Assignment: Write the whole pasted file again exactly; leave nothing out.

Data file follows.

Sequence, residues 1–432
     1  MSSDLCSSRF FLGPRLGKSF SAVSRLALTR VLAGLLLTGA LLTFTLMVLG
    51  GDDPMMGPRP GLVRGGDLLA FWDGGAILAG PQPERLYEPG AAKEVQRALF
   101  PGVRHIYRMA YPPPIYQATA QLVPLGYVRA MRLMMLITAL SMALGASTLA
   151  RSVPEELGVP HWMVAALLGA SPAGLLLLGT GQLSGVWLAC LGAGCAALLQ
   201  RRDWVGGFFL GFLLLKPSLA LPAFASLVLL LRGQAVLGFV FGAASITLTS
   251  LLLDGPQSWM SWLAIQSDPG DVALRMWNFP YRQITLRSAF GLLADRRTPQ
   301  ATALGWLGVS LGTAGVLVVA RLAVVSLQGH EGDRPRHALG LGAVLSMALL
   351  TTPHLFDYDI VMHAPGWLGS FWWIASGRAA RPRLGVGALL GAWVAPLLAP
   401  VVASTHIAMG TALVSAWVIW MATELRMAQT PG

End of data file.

Sequence, residues 1–432
     1  MSSDLCSSRF FLGPRLGKSF SAVSRLALTR VLAGLLLTGA LLTFTLMVLG
    51  GDDPMMGPRP GLVRGGDLLA FWDGGAILAG PQPERLYEPG AAKEVQRALF
   101  PGVRHIYRMA YPPPIYQATA QLVPLGYVRA MRLMMLITAL SMALGASTLA
   151  RSVPEELGVP HWMVAALLGA SPAGLLLLGT GQLSGVWLAC LGAGCAALLQ
   201  RRDWVGGFFL GFLLLKPSLA LPAFASLVLL LRGQAVLGFV FGAASITLTS
   251  LLLDGPQSWM SWLAIQSDPG DVALRMWNFP YRQITLRSAF GLLADRRTPQ
   301  ATALGWLGVS LGTAGVLVVA RLAVVSLQGH EGDRPRHALG LGAVLSMALL
   351  TTPHLFDYDI VMHAPGWLGS FWWIASGRAA RPRLGVGALL GAWVAPLLAP
   401  VVASTHIAMG TALVSAWVIW MATELRMAQT PG